‘GLOW’ Digs Into the Nature of Hollywood’s Societal Reflections and Creations


The beginning moments of Liz Flahive/Carly Mensch’s GLOW speak volumes about the series to come. Those first moments are a perfect start to a show, immediately saying everything about period, setting, and the lighthearted satirical lens the series will apply to both. Alison Brie’s character, Ruth, stands in an office with a view overlooking Los Angeles, sporting intimidating shoulder pads as she delivers an impassioned, brassy second wave feminist monologue about corporate empowerment. “This is about my company and my name and I will not be bullied into submission.”

She’s then interrupted, and the camera gives us a second perspective: she’s being filmed by a woman in a dress so ’80s it almost just looks Amish, and a casting director, who duly corrects her, says, “You were reading the man’s part.” Recovering from her mistake, and explaining that she thought Mel was short for Melanie (perhaps a sly nod to the film this scene most evokes, Working Girl), Ruth offers to read the woman’s part. Brie here proves how on point her comic timing is. Delivering the following with a perfectly deflated version of the thespian over-enthusiasm we just saw, she gives a sad little double-knock on the desk, and meekly intones, “Sorry to interrupt, your wife is on Line 2.” End of scene.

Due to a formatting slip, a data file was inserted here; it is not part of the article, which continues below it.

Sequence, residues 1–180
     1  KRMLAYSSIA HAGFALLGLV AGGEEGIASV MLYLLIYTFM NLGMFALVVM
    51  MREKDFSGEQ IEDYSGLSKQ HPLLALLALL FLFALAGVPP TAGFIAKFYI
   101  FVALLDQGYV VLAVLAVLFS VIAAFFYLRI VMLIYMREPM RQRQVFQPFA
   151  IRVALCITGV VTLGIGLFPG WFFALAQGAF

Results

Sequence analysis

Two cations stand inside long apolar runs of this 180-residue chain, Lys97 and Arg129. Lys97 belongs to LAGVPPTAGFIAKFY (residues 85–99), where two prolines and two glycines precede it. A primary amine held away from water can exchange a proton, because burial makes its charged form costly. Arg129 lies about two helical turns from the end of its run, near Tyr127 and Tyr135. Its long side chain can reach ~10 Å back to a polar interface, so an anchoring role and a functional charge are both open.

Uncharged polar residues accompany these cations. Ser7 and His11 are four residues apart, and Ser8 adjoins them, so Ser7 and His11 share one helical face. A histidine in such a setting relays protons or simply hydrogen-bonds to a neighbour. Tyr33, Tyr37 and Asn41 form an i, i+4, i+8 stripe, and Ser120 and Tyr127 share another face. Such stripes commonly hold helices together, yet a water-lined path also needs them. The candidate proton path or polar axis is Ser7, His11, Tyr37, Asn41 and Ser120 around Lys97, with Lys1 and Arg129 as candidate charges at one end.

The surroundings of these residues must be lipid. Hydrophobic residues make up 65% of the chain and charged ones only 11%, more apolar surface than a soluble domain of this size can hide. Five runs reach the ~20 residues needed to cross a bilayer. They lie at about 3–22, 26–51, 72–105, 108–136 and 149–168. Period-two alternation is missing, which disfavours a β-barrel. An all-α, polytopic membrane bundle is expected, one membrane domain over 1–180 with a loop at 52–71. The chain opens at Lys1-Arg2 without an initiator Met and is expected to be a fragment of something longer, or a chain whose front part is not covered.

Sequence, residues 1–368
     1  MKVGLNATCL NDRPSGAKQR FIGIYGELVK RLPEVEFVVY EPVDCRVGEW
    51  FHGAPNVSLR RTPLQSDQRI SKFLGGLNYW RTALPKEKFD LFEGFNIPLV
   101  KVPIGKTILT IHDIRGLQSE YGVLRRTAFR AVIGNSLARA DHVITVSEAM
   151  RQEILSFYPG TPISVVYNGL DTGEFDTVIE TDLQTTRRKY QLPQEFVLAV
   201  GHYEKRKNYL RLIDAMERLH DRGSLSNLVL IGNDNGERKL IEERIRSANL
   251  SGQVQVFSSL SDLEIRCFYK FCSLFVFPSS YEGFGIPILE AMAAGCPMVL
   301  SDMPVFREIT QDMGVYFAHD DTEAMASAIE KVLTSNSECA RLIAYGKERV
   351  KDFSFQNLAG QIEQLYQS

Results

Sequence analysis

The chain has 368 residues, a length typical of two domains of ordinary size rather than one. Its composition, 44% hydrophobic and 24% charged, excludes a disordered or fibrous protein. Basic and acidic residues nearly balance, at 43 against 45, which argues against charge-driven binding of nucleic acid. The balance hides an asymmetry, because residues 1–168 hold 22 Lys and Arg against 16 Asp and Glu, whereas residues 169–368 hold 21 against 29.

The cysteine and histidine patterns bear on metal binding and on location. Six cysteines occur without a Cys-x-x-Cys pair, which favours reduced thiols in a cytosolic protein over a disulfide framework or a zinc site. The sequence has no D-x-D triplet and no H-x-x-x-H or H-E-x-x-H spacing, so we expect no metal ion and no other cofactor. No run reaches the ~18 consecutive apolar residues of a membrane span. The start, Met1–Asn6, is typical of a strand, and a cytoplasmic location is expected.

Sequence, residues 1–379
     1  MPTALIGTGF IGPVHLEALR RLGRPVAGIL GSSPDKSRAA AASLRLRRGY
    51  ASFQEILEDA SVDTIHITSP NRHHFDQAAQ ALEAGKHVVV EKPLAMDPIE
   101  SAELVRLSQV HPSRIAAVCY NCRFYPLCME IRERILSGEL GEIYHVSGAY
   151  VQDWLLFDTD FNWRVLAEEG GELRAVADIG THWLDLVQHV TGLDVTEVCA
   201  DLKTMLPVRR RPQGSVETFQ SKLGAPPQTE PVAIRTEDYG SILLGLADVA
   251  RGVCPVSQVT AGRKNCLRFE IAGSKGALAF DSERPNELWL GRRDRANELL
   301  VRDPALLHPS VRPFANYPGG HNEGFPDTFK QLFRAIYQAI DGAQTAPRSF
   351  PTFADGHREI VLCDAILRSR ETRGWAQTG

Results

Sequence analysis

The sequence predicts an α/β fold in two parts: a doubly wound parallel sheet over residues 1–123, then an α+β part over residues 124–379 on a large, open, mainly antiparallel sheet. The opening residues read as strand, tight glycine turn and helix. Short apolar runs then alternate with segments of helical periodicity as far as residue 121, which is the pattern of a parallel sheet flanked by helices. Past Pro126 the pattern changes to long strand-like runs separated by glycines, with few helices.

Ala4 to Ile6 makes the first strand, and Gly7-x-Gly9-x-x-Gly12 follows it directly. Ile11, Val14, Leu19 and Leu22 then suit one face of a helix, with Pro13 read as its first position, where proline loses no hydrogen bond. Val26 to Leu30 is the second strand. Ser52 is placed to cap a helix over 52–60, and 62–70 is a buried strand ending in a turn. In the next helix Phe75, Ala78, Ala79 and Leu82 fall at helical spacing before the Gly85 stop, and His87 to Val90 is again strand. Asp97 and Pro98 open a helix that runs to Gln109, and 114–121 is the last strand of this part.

The scene expertly not only gives us a setting and an era, but hits at both the sexism — and the limits of reactions to it — at the time. Shoulder pads, those Thatcherite fashion statements that defined an era of women’s fashion, denoted how within mainstream feminism, masculinity was still seen as capital. (The discursive tune has changed since, but the social residue runs thick). They showed how the push was for women to literally sport angular addenda to their silhouettes in order to finally have an active place within, and to perpetuate, the all-encompassing reality series of capitalism. What’s smart about the meta-ness of GLOW is that it then dives into a story of another very specific way a select group of women would shape themselves to hyperbolize stereotypes and social expectations within literal, physical televised competitions. The Los Angeles backdrop in the window in that first scene stresses this relationship: this is the city where perceptions are taken from society, sculpted to reflect it, then taken back by society in perpetual imitation of itself.